Day of the Dead is almost here. Which means there’s still time to put up your altar de muertos! Never you mind all of those pictures you’ve seen of beautifully intricate altars, what’s important in this most awesome of Mexican celebrations, is to honour your deceased loved ones with a little ofrenda that comes from the heart. After all, this is the one day of the year when they get to come back, so you better have some tasty treats and a few other bits that will help them along their journey and make their stay comfortable.
Here are 10 of the basic elements that make up an altar de muertos, and why it’s important to include them:
- Flowers. Traditionally, the cempasuchil flower is used, the more, the better! It takes its name from Nahuatl and it means “flower of 9 petals”. Its distinctive scent and bright colours are synonymous with Day of the Dead in Mexico. They’re often used to build a pathway that would lead the souls to the altar.
- Salt. Having a little dish with salt in your altar will purify the room and help the soul of your loved ones to stay whole for another year.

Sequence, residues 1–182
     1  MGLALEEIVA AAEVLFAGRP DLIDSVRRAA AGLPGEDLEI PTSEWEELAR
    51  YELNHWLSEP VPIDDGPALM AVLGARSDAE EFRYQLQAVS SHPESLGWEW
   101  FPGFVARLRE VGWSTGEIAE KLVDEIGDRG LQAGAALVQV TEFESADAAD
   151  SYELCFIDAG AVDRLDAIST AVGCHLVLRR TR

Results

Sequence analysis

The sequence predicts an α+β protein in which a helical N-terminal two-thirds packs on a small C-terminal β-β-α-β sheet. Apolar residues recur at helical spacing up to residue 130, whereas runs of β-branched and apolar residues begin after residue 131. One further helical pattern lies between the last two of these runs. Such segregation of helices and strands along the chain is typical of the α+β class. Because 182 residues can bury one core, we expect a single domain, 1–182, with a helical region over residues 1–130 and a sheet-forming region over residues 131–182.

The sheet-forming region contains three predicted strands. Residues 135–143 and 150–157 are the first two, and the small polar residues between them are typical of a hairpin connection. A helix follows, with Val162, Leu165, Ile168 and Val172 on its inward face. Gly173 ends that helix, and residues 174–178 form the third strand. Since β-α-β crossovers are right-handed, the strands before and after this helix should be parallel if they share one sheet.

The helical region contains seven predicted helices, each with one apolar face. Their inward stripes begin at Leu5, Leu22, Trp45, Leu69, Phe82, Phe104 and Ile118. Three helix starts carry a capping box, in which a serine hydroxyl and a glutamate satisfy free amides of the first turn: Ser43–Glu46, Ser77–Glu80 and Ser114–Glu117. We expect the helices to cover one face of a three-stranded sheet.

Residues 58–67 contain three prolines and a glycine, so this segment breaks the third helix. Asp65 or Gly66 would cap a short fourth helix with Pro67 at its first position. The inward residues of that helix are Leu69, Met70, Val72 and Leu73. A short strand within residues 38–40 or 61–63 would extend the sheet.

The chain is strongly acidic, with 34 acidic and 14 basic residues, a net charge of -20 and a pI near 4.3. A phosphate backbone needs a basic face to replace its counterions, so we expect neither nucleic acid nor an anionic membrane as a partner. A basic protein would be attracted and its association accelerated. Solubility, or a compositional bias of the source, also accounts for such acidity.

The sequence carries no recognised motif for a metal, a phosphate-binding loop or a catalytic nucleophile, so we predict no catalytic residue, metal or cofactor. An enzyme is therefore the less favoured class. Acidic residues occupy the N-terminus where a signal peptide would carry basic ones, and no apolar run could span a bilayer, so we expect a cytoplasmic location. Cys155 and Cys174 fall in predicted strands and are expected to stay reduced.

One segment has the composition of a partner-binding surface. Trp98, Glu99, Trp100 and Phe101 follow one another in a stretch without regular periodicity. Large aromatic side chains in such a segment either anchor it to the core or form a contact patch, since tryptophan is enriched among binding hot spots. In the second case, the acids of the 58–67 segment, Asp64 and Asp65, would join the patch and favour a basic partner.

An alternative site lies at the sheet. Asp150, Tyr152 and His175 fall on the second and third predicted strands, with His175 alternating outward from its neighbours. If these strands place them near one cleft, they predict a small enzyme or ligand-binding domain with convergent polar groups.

- A glass of water. It also helps to purify the room but, more importantly, it quenches the thirsts of the souls who’ve come to visit after a long journey from Mictlán.
- Food. And if you’ve travelled that long journey from the land of the dead, you’d, of course, be hungry. So be sure to include some of the food that your deceased loved ones enjoyed the most while on the land of the living.
- Pan de Muerto. More specifically, “Bread of the Dead” is a sweet loaf decorated with makeshift dough bones, that is traditionally offered to the departed souls and enjoyed by the living. Get one for them and one for you.
- Papel picado. It’s colourful tissue paper with cut out shapes of skulls and skeletons in cheerful scenes. It’s meant to represent air, but it’s also a symbol of joy.
- Candles. Their light helps our deceased loved ones find their way back to us. You can use a few to fashion a cross, symbolizing the four cardinal points, so they can better find their way.
- Sugar skulls. The cheerfully decorated sugar skulls are a nod to prehispanic traditions of offering skulls to the gods. Nowadays though, friends gift them to each other in addition to using them in their altar.
- Copal. It’s a super aromatic tree resin, burnt like incense to purify the air and drive bad spirits away.
- Pictures. Don’t forget to include pictures of the loved ones that you’re dedicating the altar to. Yes, that may include your pets, too.
Bonus! Try to include a dog figurine. It will symbolize the izcuintle that helps our loved ones cross the river back into Mictlán, until next year.